• Incremental borrowing rate of 6%

Balance sheet:

  • Liability of £11.5m – Present value of £1m payments at 6% p.a.
  • Asset of £11.5m – to match the liability

P&L:

  • Depreciation of £573,000 – e.g. straight line basis over 20 years
  • Interest of £688,000 – interest cost on the liability at 6%

The income statement will have a total charge of £1.26m as opposed to the £1m actual cash rental. Under IFRS 16 the costs is front loaded – in later years the P&L charge will be less than the actual cash cost of the rental.

This also means that after year one there is a mismatch between asset and liability, as the asset is down by £573,000 (depreciation) but the liability is down by £312,000 (£1m rental less interest of £688,000).

This is just a very high level summary of the key change in IFRS 16 and does not consider the complex first year transition options, if you would like to read more please see our BDO guide to IFRS 16.

Impact on ratios

As a result of the adoption of IFRS 16 the accounts of many companies will change very dramatically. For many companies there will be:

  • A big increase in assets; and
  • An equally large increase in liabilities.

This will mean that all standard capital and debt ratios will change dramatically – and this could also have an impact on, for example, banking covenants.

With regard the P&L, as rental would be before EBITDA but depreciation and interest is after EBITDA, the EBITDA results will in many cases go up significantly.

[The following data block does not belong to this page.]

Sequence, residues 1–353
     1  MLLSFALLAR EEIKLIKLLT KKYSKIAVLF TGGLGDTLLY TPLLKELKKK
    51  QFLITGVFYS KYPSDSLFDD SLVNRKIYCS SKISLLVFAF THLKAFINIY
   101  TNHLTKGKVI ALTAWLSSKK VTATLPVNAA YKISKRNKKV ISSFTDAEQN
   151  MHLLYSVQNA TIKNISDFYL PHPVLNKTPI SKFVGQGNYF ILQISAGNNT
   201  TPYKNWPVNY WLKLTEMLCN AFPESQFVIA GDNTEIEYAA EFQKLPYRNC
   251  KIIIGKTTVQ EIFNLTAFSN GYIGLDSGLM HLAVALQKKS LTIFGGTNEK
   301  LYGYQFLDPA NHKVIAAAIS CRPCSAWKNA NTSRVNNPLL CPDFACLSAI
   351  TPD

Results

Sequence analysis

You would expect EV to go up (due to the extra lease liability), but EBITDA to go up as well (as rental no longer included in EBITDA), but it is expected that in many cases the EV/EBITDA multiple will in fact fall.

Clearly, with the adoption of IFRS 16 from January 2019 (early adoption is allowed as well), it will be absolutely critical to consider the detail behind any multiple data for quoted companies to understand where they are in the transition and how much their accounts have changed as a result of the transition.

In addition, local GAAP may well differ from IFRS 16 going forward, so the old adage of ensuring not to compare apples and oranges is more relevant than ever!

Impact on valuation of companies

In principle, IFRS 16 creates a more unified accounting system, and more comparability. Whether a retail chain owns stores or leases them, the EBITDA is likely to be much closer, as in either case, the funding element is either straight loans and interest or lease obligations and notional “interest” but in both cases below the EBITDA line.

However, by reference to the same example, if the leases have an expected average life of 4 years left and the lease liability reflects this (low liability), a simple valuation based on EBITDA would go badly wrong. This is because the EBITDA does not reflect either the rent or lease liability, but if you ignore that after 4 years the company would have no shops to retail from, you are clearly overstating the earnings and thus value of the company with the leases (compared with the company that owns the property).

In the retail sector, we can consider to calculate the store level EBITDA, which will include the actual rent cost or the fair value of the rental cost.

Similarly, when using a DCF valuation approach, much thought will need to go into where and how to adjust for the leases compared to the new accounting figures.

Conclusion

IFRS 16 will have a significant impact on the accounts of many companies, which will in turn lead to changes in many valuation ratios and multiples. In valuing any business it will be critical to consider how the changes in the accounts and multiples for quoted companies are reflected in the valuation of any business going forward.